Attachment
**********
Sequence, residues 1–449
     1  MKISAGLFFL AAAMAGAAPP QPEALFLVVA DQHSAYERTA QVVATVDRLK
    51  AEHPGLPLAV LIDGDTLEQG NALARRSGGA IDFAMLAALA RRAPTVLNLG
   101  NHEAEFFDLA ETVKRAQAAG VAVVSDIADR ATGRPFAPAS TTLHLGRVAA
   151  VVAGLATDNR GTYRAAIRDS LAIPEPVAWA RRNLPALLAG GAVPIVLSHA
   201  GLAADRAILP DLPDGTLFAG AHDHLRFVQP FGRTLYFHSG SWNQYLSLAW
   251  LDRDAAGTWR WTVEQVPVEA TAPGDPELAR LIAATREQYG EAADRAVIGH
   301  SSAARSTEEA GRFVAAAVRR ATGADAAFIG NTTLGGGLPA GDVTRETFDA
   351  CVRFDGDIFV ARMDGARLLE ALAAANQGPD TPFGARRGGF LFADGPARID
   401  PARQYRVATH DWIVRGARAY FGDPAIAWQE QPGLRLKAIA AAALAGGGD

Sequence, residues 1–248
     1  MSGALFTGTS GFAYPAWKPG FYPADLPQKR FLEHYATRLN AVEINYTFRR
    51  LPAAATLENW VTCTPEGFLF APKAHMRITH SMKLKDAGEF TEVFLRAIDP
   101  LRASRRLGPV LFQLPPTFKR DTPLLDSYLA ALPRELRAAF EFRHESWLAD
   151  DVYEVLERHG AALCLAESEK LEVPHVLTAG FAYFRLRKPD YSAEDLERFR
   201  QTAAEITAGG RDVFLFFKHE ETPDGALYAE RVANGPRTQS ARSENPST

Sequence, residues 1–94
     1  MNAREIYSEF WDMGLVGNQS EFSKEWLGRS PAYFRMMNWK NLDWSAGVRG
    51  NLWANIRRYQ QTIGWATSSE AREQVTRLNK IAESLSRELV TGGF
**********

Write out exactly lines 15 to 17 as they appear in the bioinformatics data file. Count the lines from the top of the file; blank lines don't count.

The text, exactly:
   151  DVYEVLERHG AALCLAESEK LEVPHVLTAG FAYFRLRKPD YSAEDLERFR
   201  QTAAEITAGG RDVFLFFKHE ETPDGALYAE RVANGPRTQS ARSENPST

Sequence, residues 1–94